Äntligen någon som vågar säga det många tänker Äntligen är det någon som vågar säga det som många tänker. Nämligen att det lär bli svårt att få någon lönsamhet i e-handel av dagligvaror. Markets analytiker, David Jansson, säger nästan precis det som många med mig pratat om ett tag. Det är svårt att tjäna pengar på e-handel med mat och skälet är troligen att konsumenterna inte ser något värde i en sådan tjänst. I vart fall inte ett värde tillräckligt högt för att man ska betala för det. Och då går mina tankar mycket snabbt till min kollega Maria Frostling Henningsson i Stockholm som redan 2000 skrev en licentiatavhandling om att handla mat på nätet. Avhandlingen heter Dagligvaruhandel över nätet...: vad innebär det?: en kvalitativ studie av 22 svenska hushåll. Den studien är intressant! Även om den gjordes för länge sedan. Och den är intressant därför att Maria lyfter fram förklaringar som inte handlar om tekniken i sig, utan om ganska allmängilitiga konsumentegenskaper. Där visar hon bland annat att konsumenterna ganska snabbt tappade intresset av att e-handla sin mat. Skälen var bland annat att man efter ett tag insåg att man tappade "kollen" på vad som hände i kvarteren runtomkring där man bodde. Mataffären är en naturlig mötespunkt där människor möts. Man växlar ett par ord med grannar och bekanta. Man får veta saker helt enkelt. Ett annat skäl till att man tröttnade på att e-handla mat var att man inte hade samma möjlighet att vara en "duktig konsument". Det var svårt eller omöjligt att utnyttja specialerbjudanden eller respondera på butikskampanjer när man e-handlade. Och det var många konsumenter som på den tiden såg ett värde i att köpa kampanjvaror. Det verkade som att vi hade ett djupt rotat beteende när det gäller matinköp, nämligen att vara ekonomiska, välja bra varor till bra priser helt enkelt. Det var några av resultaten från Maria avhandling som jag kommer ihåg särskilt tydligt. För er som vill läsa den så kommer ni säkert att hitta ännu fler förklaringar. Och det skulle inte förvåna mig om förklaringarna från 1997 stämmer hyfsat väl fortfarande. För så fort ändrar vi oss inte, vi konsumenter. Och därför blir jag också så glad när jag läser Markets inspel om e-handel av dagligvaror idag. För den typen av tankar problematiserar och gör att man stannar upp och funderar lite. Och inte bara kör på, med risk för att upptäcka att den bil man sitter i kanske saknar förare. Eller ännu värre - har en rattfull förare. För det är helt centralt, att om konsumenter ska ändra om sina köpbeteedemönster så måste individerna vinna någonting på det. Antingen att det verkligen är ENKLARE, eller att det är ROLIGARE. Först när detta inträffar, då kan konsumenten också vara beredd att betala för ett nytt sätt att handla på. I början av året pratade jag med en väl insatt person i Portugal om vad han trodde om e-handel och dagligvaror. Hans svar var solklart: Den aktör som kan erbjuda e-handel av livsmedel och vara lönsam, den aktören finns inte. I vart fall inte nu eller under överskådlig tid framåt. Det ska bli spännande att följa utvecklingen av mat på nätet framöver //Malin

  • 708.
    Sundström, Malin
    et al.
    University of Borås, School of Business and IT.
    Balkow, Jenny
    University of Borås, School of Business and IT.
    Convenience and E-retail Consumers in China and Sweden2012Conference paper (Other academic)
    Abstract [en]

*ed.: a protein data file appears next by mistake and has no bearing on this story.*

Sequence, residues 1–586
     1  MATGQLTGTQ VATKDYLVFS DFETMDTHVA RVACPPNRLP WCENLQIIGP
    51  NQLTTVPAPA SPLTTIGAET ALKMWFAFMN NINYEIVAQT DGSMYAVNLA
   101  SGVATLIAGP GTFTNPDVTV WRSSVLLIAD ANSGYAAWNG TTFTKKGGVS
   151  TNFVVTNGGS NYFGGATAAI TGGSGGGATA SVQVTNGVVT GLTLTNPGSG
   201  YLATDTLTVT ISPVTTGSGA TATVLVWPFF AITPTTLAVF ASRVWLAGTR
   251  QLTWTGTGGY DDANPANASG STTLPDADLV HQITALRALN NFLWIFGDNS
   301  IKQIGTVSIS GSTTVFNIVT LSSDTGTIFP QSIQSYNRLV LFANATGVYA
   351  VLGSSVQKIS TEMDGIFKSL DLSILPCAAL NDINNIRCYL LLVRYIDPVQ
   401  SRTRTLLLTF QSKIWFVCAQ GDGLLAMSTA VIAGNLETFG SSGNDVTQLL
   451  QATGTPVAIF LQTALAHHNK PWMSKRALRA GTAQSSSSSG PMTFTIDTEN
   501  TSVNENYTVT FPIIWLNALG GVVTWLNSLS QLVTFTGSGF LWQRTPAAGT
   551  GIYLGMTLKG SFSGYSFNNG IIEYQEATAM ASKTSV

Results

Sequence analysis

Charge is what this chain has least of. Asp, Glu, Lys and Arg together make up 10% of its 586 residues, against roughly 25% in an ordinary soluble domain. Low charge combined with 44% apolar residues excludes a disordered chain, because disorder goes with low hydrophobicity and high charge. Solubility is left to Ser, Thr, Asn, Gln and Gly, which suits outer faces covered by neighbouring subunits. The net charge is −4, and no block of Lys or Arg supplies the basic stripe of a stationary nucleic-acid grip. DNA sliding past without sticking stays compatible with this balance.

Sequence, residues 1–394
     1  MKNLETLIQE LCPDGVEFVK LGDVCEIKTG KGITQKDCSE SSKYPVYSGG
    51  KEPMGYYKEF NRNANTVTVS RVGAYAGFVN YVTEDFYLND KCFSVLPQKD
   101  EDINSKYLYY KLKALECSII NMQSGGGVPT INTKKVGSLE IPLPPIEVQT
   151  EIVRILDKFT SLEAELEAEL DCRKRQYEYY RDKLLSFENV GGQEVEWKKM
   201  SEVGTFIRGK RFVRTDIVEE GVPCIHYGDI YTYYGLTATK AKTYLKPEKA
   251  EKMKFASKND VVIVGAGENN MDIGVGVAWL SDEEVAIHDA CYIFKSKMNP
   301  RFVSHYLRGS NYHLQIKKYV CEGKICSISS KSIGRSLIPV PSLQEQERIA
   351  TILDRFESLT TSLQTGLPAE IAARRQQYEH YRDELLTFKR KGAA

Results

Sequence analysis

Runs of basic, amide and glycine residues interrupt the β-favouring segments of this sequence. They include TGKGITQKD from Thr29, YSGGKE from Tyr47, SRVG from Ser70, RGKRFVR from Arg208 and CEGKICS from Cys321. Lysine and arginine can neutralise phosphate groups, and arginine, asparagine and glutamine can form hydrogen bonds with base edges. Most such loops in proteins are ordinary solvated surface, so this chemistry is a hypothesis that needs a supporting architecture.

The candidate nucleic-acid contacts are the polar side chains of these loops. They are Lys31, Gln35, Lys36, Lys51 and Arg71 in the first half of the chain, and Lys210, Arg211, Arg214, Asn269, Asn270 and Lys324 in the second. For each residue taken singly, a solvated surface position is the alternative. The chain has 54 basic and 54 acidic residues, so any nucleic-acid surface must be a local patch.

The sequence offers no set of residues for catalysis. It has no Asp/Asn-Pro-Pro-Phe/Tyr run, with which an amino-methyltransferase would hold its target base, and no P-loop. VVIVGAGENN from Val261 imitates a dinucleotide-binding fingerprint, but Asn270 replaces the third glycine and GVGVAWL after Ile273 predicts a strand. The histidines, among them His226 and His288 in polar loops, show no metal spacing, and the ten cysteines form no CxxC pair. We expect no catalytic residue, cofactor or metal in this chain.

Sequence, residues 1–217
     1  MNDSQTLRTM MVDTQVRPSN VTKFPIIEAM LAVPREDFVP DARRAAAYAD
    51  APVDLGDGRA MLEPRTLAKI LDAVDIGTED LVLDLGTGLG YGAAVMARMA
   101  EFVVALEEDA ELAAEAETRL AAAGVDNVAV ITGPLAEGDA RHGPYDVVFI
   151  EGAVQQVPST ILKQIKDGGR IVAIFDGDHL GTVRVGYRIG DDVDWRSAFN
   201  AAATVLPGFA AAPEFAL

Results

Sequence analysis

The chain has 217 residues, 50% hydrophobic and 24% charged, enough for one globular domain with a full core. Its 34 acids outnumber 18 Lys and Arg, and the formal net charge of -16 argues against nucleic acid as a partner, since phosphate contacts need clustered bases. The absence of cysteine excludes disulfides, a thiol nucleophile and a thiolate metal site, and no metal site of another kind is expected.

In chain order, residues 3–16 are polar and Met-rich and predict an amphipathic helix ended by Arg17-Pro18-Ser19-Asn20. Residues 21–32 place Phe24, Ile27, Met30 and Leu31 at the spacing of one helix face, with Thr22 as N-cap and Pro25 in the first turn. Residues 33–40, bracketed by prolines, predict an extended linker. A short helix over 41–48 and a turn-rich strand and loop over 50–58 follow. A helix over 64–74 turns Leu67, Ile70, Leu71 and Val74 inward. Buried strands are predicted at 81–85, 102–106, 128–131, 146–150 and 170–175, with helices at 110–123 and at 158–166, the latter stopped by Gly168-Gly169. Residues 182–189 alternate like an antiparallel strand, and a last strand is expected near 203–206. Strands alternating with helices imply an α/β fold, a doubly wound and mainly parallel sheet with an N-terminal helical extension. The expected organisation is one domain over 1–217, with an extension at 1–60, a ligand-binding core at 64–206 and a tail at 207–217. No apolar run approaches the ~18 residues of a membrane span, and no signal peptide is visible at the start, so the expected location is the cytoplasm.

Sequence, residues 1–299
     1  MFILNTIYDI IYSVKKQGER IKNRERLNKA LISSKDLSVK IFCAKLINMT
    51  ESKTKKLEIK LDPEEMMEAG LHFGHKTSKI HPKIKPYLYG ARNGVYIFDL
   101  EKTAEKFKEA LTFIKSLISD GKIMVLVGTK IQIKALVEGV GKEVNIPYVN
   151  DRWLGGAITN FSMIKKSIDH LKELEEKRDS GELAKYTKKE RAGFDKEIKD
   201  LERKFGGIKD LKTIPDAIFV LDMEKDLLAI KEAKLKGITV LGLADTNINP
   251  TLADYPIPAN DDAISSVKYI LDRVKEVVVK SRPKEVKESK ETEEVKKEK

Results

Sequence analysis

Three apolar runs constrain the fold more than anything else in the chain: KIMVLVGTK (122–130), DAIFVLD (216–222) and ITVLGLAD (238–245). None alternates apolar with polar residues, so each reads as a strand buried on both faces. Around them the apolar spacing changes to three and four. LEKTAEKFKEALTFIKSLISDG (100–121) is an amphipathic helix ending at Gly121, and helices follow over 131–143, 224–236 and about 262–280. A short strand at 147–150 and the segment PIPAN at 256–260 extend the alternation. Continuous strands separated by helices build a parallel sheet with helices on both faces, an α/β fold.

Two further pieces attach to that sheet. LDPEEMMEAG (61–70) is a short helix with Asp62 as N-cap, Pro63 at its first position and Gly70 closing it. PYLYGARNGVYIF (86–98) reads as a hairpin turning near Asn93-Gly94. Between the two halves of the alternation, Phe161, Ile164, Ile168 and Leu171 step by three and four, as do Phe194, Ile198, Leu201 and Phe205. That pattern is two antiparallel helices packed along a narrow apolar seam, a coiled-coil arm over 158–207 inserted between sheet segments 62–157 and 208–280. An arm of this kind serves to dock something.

The dream of 1,3 billion customers has now entered the online phase. After a slow start, the number of online shoppers in China has started to accelerate. The estimates are that there are some 450 million Internet users in China today (Muncaster, 2012; Xinhua, 2012, BCG 2011) but the estimates of the number of online shoppers range from 150 million (Kearney, 2012) to the recent estimates made by PWC of that indicates that 70% of the Chinese internet users are also shopping online. Considering that the growing middle class is expected to reach 800 million by 2015 and the recently revealed plans to subsidise high-speed Internet access also in rural areas , the Boston Consulting Group projects that China will be able to surpass the US to become the largest e-commerce market in the world by that same time, which might lead to wonder if retailers are missing China’s e-commerce boom. Like always, in order to avoid missing a market opportunity, the need for knowledge about the why, how, and when of consumer buying behavior is a main ingredient. We believe the first question of “why” (Chinese consumers sometimes buy from the Internet) is a good starting point. In a survey made by the Acquity Group that covered 1000 respondents in 150 Chinese cities three main reasons for why Chinese engage in e-commerce was outlined (Indvik, 2012) namely greater product selection, the ability to compare prices and, finally, convenience. However, the meaning of convenience in the context of e-commerce contains different meanings. Previous studies made in Sweden have shown that a convenient e-commerce purchase differs according to the buying situation and customer motives. Sometimes e-customers want to save time and energy, sometimes they search for a greater supply of products, and sometimes they want to be anonymous (Sundström, 2007). The objective in this paper is thus to make an initial study in order to create an understanding of how Chinese e-commerce customers perceive the concept of convenience. The empirical data presented is collected with a qualitative approach, using drawings which are analyzed. The sample comes from both Chinese and Swedish consumers based on the mission to “draw a picture of how they thought of the Internet store in terms of convenience”. The methodology using drawings come from the design field (Yi-Luien Do et al., 2000) and from the field of psychiatry (Wojaczynska-Stanek et al., 2008). To supplement the drawings group interviews with Chinese consumers. The convenience illustrations are analysed with the help of a theoretical framework based on prior academic literature on retail store convenience, and existing literature on e-convenience, benefits of convenience, convenience in the context of technological innovations, and convenient decision making. Results indicate that great product selection and the possibility to compare prices were important to the Chinese consumers but that the time factor was of outmost important both to female and male respondents. Considering the traffic in central cities and the distance between home/workplace to the shops are time consuming. The structure of the retail market also makes shopping time consuming since the traditional markets are often divided by industry, which means that you buy cloths in one area and consumer technology in another. It also shows how shopping online is a more social occurrence since the respondents gather up around the computer to buy together and to discuss the purchase. The paper ends with a discussion on how knowledge about consumer-convenience could contribute when performing empirical studies focusing on how consumers perceive the use of self-service-technologies in a Chinese retail setting.